One of the most influential nuclear physicists of the 20th century, professor Chien-Shiung Wu (1912-1997) was a determined advocate for women in science and made enormous contributions to the physical sciences, altering modern physical theory forever.

During a career that spanned more than 40 years in a field dominated by men, Wu established herself as the authority on conducting precise and accurate research to test fundamental theories of physics.

Working on uranium enrichment and radiation detectors for the Manhattan Project during World War II, Wu made invaluable contributions to the experimental process of splitting and harnessing the power of the uranium atom, making possible the production of the world’s first atomic bomb.

The stamp art features a detailed portrait of Wu wearing a black-and-white high-collared traditional Chinese gown known as qipao. The illustration was first drawn in graphite, then rendered in egg tempera paint. The background was painted with the pigment lapis lazuli, a highly valued color historically used in artistic depictions of angels, nobility and the Virgin Mary.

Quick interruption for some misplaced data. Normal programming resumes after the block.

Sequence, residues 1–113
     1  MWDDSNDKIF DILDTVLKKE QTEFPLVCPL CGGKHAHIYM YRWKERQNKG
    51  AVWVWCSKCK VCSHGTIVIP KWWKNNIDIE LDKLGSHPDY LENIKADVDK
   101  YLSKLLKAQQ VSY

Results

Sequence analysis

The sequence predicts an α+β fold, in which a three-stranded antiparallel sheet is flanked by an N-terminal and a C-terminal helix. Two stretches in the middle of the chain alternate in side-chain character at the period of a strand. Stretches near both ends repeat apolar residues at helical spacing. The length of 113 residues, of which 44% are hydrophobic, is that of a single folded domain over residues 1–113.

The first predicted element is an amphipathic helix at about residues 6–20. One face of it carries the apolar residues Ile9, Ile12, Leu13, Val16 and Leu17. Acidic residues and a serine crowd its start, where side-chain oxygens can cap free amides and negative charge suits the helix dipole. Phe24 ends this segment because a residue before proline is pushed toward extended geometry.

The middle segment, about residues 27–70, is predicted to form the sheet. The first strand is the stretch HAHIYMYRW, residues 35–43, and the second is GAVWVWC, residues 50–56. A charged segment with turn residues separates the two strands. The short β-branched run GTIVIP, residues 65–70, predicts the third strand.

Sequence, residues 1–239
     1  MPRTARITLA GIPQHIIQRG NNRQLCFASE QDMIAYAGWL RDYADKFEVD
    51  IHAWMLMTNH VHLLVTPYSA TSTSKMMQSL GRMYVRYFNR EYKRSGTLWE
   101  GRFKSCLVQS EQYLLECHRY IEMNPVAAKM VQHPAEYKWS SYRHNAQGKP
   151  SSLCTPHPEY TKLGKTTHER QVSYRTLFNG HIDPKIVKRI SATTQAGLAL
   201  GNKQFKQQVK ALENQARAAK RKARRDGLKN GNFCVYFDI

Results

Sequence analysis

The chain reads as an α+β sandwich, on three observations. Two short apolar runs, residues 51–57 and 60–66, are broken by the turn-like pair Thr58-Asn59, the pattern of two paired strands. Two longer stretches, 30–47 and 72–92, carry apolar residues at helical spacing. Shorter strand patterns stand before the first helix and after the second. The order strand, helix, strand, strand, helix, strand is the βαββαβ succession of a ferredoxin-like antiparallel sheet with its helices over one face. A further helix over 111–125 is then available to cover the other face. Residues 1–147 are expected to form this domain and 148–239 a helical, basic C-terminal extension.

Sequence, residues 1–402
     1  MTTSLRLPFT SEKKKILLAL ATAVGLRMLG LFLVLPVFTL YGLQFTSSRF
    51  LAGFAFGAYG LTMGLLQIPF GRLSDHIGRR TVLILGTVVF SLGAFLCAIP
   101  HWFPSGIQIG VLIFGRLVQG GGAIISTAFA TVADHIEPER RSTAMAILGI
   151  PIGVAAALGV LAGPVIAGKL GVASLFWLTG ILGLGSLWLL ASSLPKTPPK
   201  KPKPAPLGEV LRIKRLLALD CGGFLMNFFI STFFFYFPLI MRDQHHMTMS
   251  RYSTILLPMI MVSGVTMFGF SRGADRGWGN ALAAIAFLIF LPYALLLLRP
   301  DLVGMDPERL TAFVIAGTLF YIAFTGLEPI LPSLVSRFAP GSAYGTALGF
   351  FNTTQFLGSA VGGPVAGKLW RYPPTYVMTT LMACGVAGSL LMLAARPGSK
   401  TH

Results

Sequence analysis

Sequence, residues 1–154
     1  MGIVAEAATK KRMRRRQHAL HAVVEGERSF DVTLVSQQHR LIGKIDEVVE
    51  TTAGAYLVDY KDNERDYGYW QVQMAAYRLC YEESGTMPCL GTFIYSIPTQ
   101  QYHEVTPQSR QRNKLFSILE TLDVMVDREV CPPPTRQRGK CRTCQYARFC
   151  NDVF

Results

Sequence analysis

Art director Ethel Kessler designed the stamp with original art by Kam Mak.

The Chien-Shiung Wu stamp is being issued as a Forever stamp in panes of 20. These Forever stamps will always be equal in value to the current First-Class Mail 1?ounce price.

What:

The U.S. Postal Service will honor Professor Emerita Chien-Shiung Wu, one of the most influential nuclear physicists of the 20th century, with a commemorative Forever stamp.

News of the stamp is being shared with hashtags#ChienShiungWuand#ScientificWomen.

Who:

  • Kristin Seaver, chief retail and delivery officer and executive vice president, U.S. Postal Service
  • Jada Yuan, granddaughter of honoree and reporter for The Washington Post
  • Brian Greene, professor of physics and mathematics, Columbia University

When:

  • Thursday, Feb. 11, 2021, at 11 a.m. EST

Where:

  • The virtual stamp event will be hosted on the U.S. Postal Service Facebook and Twitter pages.

For more information, visit usps.com/chienshiungwu.


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